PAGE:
Rockwell Collins appointed Robert “Kelly” Ortberg as the company’s president yesterday. He joins Clayton Jones, who continues as chairman and CEO, in the newly formed Office of the Chief Executive. The appointment is effective immediately. As president, Ortberg will be primarily responsible for the operational management of the company, including oversight of its commercial and government businesses and supporting functions.
AgustaWestland signed agreements at the Farnborough airshow with three key suppliers–Pratt & Whitney Canada, Rockwell Collins and BAE Systems–for its AW609 civil tiltrotor program. These major agreements follow a trail of contracts signed with AW609 component suppliers since AgustaWestland acquired the tiltrotor program last November. The OEM expects to obtain FAA and EASA certification of the AW609 in the first half of 2016.
Filing an ICAO flight plan will become a bit more complicated this fall, if you file them by hand. Gone will be the old days of telling a flight service station that your aircraft is a slant “A” or a slant “R.”
AgustaWestland signed three key supplier agreements for its AW609 civil tiltrotor program here at Farnborough yesterday, with Pratt & Whitney Canada, Rockwell Collins and BAE Systems. These major agreements follow a trail of contracts signed with AW609 component suppliers since AgustaWestland acquired the tiltrotor program last November. FAA and EASA certification of the AW609 is projected to occur in the first half of 2016.
Rockwell Collins and Boeing will today unveil a flight-deck retrofit program for the Boeing 757/767 that includes large-format LCD screens, NextGen-capable communication and surveillance systems, and a commander-side head-up display. NextGen is the new air traffic management system for the U.S.
Rockwell Collins (Hall 4 F9) continues to gain share in the air transport market, with a number of new regional jets featuring the company’s avionics, and Boeing’s 787 and the upcoming Airbus A350XWB also incorporating significant amounts of the company’s products.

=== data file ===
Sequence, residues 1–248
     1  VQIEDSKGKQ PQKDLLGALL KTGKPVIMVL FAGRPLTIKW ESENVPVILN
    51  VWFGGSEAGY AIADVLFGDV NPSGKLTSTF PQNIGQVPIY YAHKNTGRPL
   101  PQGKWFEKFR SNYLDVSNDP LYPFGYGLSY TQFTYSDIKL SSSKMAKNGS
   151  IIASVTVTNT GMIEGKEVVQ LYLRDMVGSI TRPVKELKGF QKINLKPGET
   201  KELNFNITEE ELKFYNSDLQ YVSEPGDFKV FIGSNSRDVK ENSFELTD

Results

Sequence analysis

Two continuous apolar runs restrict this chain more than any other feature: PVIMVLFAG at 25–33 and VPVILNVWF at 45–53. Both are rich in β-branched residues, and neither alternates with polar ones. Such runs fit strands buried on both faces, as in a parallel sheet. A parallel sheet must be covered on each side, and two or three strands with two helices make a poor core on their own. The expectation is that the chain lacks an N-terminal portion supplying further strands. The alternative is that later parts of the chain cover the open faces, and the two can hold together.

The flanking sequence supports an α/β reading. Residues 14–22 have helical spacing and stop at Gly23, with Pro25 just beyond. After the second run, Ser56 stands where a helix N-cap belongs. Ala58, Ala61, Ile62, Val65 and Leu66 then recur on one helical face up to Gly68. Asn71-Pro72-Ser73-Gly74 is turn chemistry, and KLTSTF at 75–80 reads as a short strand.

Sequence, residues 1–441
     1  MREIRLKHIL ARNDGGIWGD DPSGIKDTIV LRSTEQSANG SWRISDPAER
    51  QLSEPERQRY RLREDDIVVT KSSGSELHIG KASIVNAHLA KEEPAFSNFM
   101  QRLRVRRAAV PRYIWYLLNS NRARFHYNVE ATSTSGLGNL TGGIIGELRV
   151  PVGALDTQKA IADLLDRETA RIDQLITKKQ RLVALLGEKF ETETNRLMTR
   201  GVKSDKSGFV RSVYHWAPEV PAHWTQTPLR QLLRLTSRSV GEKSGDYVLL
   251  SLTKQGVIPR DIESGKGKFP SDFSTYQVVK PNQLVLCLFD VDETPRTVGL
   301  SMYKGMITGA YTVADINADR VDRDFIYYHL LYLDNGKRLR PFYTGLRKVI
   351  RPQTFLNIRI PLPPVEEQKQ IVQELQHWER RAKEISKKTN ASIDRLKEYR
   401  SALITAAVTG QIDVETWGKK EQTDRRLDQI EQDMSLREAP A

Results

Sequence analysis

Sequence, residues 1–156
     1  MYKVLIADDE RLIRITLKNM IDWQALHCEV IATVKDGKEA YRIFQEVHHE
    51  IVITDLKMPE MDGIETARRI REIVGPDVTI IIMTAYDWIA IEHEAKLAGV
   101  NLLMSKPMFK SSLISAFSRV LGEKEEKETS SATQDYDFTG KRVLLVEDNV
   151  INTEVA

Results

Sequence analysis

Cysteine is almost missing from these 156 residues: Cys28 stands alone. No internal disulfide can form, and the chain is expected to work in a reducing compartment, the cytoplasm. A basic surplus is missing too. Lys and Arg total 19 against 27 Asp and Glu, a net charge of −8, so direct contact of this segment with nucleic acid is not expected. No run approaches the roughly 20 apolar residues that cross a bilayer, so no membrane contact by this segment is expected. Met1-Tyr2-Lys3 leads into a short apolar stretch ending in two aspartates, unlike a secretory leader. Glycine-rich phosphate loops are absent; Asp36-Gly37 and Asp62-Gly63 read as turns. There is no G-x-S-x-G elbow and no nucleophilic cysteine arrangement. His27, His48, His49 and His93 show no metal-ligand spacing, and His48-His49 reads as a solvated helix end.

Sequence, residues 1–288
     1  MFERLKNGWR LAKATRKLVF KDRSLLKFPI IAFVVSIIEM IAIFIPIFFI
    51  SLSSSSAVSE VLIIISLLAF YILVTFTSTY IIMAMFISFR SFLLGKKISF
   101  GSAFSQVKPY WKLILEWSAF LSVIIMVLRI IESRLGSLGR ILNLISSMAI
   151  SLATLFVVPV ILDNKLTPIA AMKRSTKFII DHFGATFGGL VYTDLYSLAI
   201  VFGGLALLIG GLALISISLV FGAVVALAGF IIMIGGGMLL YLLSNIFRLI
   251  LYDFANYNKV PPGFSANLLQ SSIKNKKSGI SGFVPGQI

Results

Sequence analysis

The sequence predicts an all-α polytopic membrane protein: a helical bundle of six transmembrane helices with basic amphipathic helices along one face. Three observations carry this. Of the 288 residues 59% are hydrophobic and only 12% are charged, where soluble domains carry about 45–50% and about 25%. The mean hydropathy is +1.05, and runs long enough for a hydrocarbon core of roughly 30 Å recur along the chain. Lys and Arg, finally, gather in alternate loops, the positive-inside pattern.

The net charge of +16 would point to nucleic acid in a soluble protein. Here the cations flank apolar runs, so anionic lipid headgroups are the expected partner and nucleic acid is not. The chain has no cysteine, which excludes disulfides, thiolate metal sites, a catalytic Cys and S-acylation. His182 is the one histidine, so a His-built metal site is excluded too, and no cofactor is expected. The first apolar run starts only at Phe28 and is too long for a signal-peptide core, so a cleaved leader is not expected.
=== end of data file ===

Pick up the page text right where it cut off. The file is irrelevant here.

Avionics pioneer Edward King, Jr., 90, died Sunday at his home near Eugene, Ore. After graduating from college in 1943, King took a job on the East Coast with RCA, designing aircraft radio equipment for the U.S. Navy. He later returned to the Midwest, and in 1948 he borrowed $10,000 from his in-laws and founded his first company, Communications Accessories Corp. (CAC), which in 1956 was purchased by Collins Radio (now Rockwell Collins).
Rockwell Collins CEO Clay Jones may not be a pessimist when it comes to the Next Generation Air Transportation System (NextGen). But the leader of one of the world’s major avionics manufacturers is not brimming with optimism either.
Rockwell Collins now offers its Airshow 3-D moving map for viewing on an iPad, allowing business jet passengers to follow their flight in the palm of their hands. The company claims it is the first interactive moving map available for iPad use in an aircraft.
Rockwell Collins’s Ascend Flight Information Solutions division is continuing to refine what it believes is the most integrated flight support suite in the business aviation market. The U.S. company, which incorporates the former Air Routing flight support and CTA Fos scheduling and dispatch service, is adding new applications and has also introduced the Dashboard feature to give operators a “top-down” view of the status of their fleet at any given time.